Title: Whatever Happened to Faith?
Author: Robert L. Millet
Publisher: Deseret Book
Number of pages: 161
Binding: Hardcover, with dust jacket
Reviewed by Andrea Stacy for the Association for Mormon Letters
When friends gather long enough, conversation eventually turns to, “Whatever happened to _______?” It might be an old friend, an actress, or a fondly remembered pastime. If someone knows, you have your answer. If not, discussion ensues before comfort regarding the matter is established. Robert Millet’s book, “Whatever Happened to Faith?”, attempts to provide, if not a comforting answer to his question, an answer with comfort available.
As I opened the book, I found two questions of my own: what does the author mean by ‘faith,’ and to whom is he writing? ‘Faith’ encompasses many meanings, from Alma’s desire to believe to the power by which worlds were made, and much, much else. Was he writing a response to those in crises of faith, a warning to those still in faith, or something else?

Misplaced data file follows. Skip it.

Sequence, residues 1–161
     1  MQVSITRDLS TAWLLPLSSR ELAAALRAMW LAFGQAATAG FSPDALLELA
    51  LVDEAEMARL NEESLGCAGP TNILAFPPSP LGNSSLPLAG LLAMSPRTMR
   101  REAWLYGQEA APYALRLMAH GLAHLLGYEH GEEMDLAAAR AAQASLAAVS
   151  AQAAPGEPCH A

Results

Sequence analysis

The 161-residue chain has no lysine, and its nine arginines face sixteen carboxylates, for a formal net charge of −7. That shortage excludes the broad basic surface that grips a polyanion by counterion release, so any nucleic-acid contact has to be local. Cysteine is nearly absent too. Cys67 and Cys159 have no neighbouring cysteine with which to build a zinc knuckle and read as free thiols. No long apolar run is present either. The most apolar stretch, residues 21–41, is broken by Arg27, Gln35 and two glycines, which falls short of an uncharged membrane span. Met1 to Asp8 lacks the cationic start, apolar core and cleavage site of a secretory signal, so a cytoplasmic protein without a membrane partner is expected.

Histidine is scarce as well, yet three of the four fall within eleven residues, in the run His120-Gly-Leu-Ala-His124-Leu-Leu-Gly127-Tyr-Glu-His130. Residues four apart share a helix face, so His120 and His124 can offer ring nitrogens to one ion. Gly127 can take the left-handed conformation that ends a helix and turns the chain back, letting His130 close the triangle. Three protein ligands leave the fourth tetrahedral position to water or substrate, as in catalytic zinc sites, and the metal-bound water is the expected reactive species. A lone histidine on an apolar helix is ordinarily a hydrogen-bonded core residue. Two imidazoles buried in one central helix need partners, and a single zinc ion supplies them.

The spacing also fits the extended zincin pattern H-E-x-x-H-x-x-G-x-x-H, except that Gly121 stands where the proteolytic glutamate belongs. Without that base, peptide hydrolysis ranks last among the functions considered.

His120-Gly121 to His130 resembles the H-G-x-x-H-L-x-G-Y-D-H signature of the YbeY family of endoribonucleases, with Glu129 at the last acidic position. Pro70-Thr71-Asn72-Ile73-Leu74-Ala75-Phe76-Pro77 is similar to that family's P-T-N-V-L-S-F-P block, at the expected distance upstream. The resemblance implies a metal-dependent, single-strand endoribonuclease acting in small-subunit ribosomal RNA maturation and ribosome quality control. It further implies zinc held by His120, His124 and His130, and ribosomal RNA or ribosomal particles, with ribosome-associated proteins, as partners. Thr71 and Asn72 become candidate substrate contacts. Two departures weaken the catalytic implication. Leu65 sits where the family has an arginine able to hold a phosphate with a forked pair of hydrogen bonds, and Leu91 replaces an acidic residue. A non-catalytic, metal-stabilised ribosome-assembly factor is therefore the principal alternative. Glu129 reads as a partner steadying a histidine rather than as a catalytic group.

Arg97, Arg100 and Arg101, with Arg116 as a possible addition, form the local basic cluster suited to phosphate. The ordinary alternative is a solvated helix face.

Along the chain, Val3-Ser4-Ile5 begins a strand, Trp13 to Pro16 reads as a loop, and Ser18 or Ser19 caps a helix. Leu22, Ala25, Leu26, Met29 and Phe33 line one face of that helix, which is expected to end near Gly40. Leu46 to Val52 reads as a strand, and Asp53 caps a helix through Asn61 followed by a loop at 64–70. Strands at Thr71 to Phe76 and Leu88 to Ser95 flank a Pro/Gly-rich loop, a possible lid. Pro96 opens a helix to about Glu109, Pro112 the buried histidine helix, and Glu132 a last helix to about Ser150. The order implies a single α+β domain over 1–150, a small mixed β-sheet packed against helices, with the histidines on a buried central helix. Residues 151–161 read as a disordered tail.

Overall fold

Millet’s best explanation of what he means by faith occurs on p. 91:
“Faith is the total trust, complete confidence, and ready reliance upon the merits, mercy, and grace of Jesus Christ for salvation. It is a gift of the Spirit (; Moroni ), a divine endowment that affirms to the human heart the identity of the Savior and his redemptive mission.”
In the preface, he states his intended audience:
“Active, involved, and committed members of the Church who have no reservations whatsoever about the faith. . . . Active and involved members of the Church who have encountered questions or issues that now trouble them. . . . Members of the Church who have allowed themselves to slide into inactivity because of doctrinal or historical issues, current Church policies on social issues, or disappointment with Church leaders. . . . Former Latter-day Saints who have formally cut their ties with the Church . . . but feel no inclination to criticize or oppose the Church. . . .” and “Former Latter-day Saints who have formally cut their ties with the Church but are so angry about their feelings of ‘deception’ and ‘betrayal’ that they seem driven to do anything they can to embarrass . . . or block the progress of the Church.” (xiii)
In other words, anyone ever knowingly a member of the church.